With the Mueller investigation unraveling in the face of accusations the FBI and various national security agencies were determined to get President Trump from the outset, the mainstream media has begun to strike back.
In a story entitled, “Doubting the intelligence, Trump pursues Putin and leaves a Russian threat unchecked,” the Washington Post took the lead with a lengthy piece that asks why the president won’t simply accept the Democrats’ and mainstream media’s increasingly discredited view of the level and scope of Russian interference in the 2016 presidential election.
The president continues to “reject the evidence that Russia waged an assault on a pillar of American democracy and supported his run for the White House,” the piece claims.
“The situation is without obvious parallel in U.S. history, a situation in which the personal insecurities of the president – and his refusal to accept what even many in his administration regard as objective reality – have impaired the government’s response to a national security threat. The repercussions radiate across the government.”
As has become custom, the Post admitted its detailed criticism of the president and his handling of information related to Russia came from 50 unnamed sources whom it identifies as “current and former U.S. officials, many of whom had senior roles in the Trump campaign and transition team or have been in high-level positions at the White House or at national security agencies” – in other words, every single one a possible enemy of the president.
The story hangs on a quote that does have a name attached – that of Michael Hayden, CIA director under President George W. Bush and, like a lot of alums of that administration, a fierce critic of President Trump.
Trump’s refusal to say Russia interfered in our election is “an understandably human reaction,” Hayden said, because, as another unnamed source points out, “the idea that he’s been put into office by Vladimir Putin is pretty insulting.”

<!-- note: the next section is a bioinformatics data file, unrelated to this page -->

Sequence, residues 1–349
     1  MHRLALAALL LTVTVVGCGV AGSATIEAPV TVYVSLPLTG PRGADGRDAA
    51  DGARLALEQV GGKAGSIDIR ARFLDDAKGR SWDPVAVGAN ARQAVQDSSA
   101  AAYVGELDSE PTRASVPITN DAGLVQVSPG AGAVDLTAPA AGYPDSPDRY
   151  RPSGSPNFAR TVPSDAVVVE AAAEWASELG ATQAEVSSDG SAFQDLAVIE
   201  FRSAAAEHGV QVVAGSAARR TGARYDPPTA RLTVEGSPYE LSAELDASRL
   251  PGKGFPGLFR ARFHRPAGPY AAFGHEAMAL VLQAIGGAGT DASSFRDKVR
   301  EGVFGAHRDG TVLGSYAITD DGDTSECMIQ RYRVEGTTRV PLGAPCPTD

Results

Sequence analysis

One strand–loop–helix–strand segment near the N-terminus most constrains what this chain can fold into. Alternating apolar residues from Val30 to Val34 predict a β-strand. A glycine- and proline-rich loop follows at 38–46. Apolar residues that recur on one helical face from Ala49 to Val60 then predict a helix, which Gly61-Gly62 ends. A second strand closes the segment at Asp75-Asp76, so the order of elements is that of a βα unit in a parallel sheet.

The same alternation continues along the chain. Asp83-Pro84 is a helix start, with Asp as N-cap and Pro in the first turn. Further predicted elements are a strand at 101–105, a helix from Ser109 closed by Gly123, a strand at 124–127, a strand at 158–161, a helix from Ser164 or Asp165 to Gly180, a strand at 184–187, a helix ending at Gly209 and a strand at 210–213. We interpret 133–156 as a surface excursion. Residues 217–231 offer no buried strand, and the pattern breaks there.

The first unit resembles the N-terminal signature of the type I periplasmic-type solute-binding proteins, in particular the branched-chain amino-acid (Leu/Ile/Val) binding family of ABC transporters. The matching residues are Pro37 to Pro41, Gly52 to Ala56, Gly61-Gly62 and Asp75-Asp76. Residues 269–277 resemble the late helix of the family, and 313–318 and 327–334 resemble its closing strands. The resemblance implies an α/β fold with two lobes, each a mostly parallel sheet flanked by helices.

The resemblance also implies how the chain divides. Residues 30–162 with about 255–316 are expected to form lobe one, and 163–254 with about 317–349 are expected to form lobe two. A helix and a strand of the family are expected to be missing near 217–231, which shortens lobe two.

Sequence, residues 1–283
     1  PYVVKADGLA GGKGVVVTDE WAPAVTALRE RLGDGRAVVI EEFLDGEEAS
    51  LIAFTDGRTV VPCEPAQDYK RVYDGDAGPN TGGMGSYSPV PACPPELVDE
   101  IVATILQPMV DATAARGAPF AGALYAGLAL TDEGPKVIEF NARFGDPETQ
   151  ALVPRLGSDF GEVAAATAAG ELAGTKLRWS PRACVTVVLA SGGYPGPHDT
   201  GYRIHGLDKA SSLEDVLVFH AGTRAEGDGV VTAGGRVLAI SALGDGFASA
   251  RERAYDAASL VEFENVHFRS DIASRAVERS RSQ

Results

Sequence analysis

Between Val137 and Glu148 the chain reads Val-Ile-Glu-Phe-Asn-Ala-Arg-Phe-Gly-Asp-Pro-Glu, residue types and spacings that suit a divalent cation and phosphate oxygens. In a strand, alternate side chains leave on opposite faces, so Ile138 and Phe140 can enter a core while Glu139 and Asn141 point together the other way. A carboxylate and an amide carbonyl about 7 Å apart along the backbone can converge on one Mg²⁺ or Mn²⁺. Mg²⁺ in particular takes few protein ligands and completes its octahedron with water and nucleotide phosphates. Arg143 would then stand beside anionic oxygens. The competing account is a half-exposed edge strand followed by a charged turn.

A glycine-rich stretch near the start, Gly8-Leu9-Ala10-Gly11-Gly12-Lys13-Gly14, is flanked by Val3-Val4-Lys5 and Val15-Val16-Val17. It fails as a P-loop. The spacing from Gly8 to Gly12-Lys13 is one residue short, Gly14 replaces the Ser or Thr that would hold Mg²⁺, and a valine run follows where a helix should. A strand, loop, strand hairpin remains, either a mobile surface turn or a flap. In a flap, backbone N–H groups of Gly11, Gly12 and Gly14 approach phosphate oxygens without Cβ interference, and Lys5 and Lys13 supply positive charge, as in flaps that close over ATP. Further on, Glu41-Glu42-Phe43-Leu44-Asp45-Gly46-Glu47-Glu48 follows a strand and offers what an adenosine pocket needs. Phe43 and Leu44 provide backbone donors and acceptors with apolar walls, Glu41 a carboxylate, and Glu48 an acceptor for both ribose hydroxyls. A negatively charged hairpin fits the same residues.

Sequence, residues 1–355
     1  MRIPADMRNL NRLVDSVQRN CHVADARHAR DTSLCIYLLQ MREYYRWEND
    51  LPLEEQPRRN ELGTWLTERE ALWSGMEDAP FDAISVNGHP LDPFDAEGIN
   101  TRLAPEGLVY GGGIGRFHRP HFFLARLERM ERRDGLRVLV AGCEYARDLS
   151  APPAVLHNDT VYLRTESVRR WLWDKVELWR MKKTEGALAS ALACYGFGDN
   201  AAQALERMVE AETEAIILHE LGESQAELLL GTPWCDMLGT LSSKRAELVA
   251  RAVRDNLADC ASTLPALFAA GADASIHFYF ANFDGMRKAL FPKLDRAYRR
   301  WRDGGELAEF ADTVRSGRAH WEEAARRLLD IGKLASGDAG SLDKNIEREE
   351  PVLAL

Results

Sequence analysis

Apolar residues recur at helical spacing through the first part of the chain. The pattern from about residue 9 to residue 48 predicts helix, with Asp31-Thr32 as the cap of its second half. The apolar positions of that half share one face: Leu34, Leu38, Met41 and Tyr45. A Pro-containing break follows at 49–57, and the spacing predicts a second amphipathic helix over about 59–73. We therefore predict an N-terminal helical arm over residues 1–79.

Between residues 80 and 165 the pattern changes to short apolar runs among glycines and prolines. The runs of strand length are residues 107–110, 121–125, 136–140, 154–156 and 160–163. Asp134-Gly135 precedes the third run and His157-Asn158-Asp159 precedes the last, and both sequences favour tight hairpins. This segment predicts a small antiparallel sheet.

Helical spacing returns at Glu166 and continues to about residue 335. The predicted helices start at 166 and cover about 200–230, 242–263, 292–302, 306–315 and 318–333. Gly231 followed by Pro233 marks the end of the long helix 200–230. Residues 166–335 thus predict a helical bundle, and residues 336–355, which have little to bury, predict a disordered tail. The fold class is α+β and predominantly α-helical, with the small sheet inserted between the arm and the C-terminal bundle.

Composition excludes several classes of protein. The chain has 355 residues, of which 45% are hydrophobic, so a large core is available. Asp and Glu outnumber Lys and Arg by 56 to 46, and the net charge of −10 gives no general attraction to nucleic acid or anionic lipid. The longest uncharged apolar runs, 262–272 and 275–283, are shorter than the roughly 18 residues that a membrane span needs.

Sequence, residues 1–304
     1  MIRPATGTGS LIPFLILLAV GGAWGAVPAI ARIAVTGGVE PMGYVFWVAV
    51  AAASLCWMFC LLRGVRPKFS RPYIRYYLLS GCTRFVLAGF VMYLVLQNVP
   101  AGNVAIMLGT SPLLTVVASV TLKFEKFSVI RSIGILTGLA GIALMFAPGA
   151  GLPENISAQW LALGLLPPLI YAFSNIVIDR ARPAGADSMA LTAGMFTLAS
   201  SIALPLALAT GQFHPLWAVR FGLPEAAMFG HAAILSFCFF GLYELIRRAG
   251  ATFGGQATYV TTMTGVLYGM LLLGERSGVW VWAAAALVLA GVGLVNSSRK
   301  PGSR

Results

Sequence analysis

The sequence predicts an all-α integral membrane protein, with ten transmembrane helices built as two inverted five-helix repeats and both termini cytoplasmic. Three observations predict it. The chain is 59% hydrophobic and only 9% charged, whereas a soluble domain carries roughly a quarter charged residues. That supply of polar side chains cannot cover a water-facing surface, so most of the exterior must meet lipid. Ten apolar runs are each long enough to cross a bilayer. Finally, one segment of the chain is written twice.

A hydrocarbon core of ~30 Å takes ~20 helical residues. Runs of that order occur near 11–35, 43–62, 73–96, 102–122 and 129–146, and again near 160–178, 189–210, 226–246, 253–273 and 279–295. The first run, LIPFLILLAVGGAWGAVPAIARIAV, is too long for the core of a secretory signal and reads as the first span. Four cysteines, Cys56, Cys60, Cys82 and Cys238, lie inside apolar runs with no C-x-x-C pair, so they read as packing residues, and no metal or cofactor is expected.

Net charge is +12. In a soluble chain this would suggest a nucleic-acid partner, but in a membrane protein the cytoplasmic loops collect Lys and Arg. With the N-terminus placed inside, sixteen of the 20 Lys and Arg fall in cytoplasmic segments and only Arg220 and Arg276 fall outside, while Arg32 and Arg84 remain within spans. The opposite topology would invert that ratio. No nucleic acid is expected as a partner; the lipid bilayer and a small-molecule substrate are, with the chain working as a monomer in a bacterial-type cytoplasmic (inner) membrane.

Hayden made the point it’s tough to respond to future threats from Russia when the president won’t accept the version of events delivered from the intelligence community he regards with distrust.
“What the president has to say is, ‘We know the Russians did it, they know they did it, I know they did it, and we will not rest until we learn everything there is to know about how and do everything possible to prevent it from happening again,’ Hayden said in an interview. Trump ‘has never said anything close to that and will never say anything close to that.’”
The Post says the Putin government is still high-fiving over the “success” of its operation to infiltrate our presidential campaign. For less than $500,000 in Internet ads, it has not realized a lot of policy success, the story admits – the annexation of Crimea from Ukraine has not been recognized, sanctions imposed for Russian intervention in Ukraine have not been lifted and the “wave of diplomatic retaliation,” which has cost Russia a variety of compounds, including its San Francisco consulate, has not been ended.
But because the Post believes the Kremlin hates Hillary Clinton and worked hard to help Trump defeat her, it quotes its unnamed “U.S. officials” as saying the Russians consider the operation a “resounding, if incomplete” success.
The story then goes on to cite still more unnamed sources as saying President Trump does not like to hear about Russian interference in the election in his daily intelligence briefings … that briefers write it in their reports but don’t bring it up orally, that some briefers adjust the order of their presentation to “soften the impact” and that talks of Russia take “the PDF (Presidential Daily Briefing) off the rails.”
It then quotes, by name, a Trump White House official saying he listens to all the information, even about Russia, and that it is prepared by senior career intelligence officers who don’t spare him critical news.
Then, in the next line, it shows the bias that drove the entire project: “Trump’s aversion to the intelligence, and the dilemma that poses for top spies, has created a confusing dissonance on issues related to Russia.”